Archives

Recent Comments

Refrigeration

from old forums

1.

If it works, don’t fix it!!!! Now, that said, yes, I am changing mine. My boat had a single 110VAC compressor (an add on that was there when I bought the boat) that serviced two areas. One was aft beginning just at the aft bulkhead of the cabin and the seconds was forward of the range in the same area as where the sink is installed. I am converting the aft area (the slightly larger of the two to a 12VDC operated freezer ( adding a compressor, thermostat and changing the cold plate) and am leaving the smaller, forward area as a 110VAC refrigerator. My thinking is that I will need a freezer much more that I will need a refrigerator for cruising. I have a Coleman insulated cooler on the deck just to the port side of the hatchway (makes a great seat too) and I am going to (try) to use that as my “cruising refrigerator” I will keep the 110VAC compressor etc. for use at the dock. It is surprising how many things that we refrigerate that don’t really need to . Just one more thing. The forward area needs some special attention. It is the reason that I added the insulation (R-25 for 0ne inch thickness), no it was not cheap, but is will be worth it in the long run. In the forward freezer/refrigerator area described above there is almost no insulation built into the bulkhead between the refrigerated area and the setee. This conditionl allows the fiberglass behind the setee cushion to “sweat” , that is, water will condense on it. This causes the back of the setee cushion to rot, turn black, mold, etc. This can get expenswive in a hurry! It is nearly impossible to add insulation to the existing structure because of the lack of space, so I added it internally using the VERY EXPENSIVE add on isulation on the inside of the campartment. It doesn’t take up too much freezer room but I have a lot more room in my wallet now that all that money has gone. Good luck woth your project. Let us know how it is going.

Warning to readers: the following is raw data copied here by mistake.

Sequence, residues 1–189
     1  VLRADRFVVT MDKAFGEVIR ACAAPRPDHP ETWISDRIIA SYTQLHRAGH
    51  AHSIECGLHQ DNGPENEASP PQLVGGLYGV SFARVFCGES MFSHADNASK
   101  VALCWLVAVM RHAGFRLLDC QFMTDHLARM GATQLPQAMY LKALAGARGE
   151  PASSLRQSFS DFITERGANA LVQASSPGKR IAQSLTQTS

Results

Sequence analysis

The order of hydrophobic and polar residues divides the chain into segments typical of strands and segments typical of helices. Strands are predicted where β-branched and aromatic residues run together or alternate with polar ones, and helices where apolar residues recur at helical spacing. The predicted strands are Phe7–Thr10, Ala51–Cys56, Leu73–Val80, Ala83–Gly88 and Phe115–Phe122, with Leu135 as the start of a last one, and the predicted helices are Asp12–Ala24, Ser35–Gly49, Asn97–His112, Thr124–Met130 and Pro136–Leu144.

Jim Comeaux
gsgwyb@online.nsk.su

2.
Nothing is simple. Here is my experience.

I had the same origional layout for Ice Boxes as Jim C., and no refrigeration. So, I bought and installed and Adler Barbor “cold machine” system. After measuring the bulk head box and determining that I needed the smaller version, I obtained the unit and found it relatively simple to install. The refrigeration unit itself was installed in the engine compartment immediately begind the ice box. It probably should be somewhere other than the engine room for temperature reasons, but the unit works fine.

But, my 2 banks of 12 volt cranking batteries were too lite in the amp department and so, I purchased and installed four 90 amp 6 volt batteries under the chart table seat.

Also, I thought it advisable to replace my 65 amp alternator with 130 amp unit. Bought a rebuilt one for far less than the cost of a new one and installed it.

The entire instillation was relatively simple, but like most other projects it left my wallet like Jim C’s.

Refrigeration unit just under $650.
Batteries approx: $800
Alternator apprx: $330

Oh well, “It’s for the boat.”

3.
I installed a Norcold system in the forward (and smaller) ice box on the DE32 Misty Dawn about 12 years ago. The compressor is installed on a shelf in the engine room with the lines running alongside the engine, under the cabin sole, and then under the sink to connect with the cold plate in the ice box.

The refrigeration is 120VAC when present (at the dock) or 12VDC otherwise. It has run without any problems since installed; it draws about 40AH for a 24-hour period at anchor, although that varies between 30-some and as high as, maybe, 48AH depending on the outside temperature.

4.
Print Friendly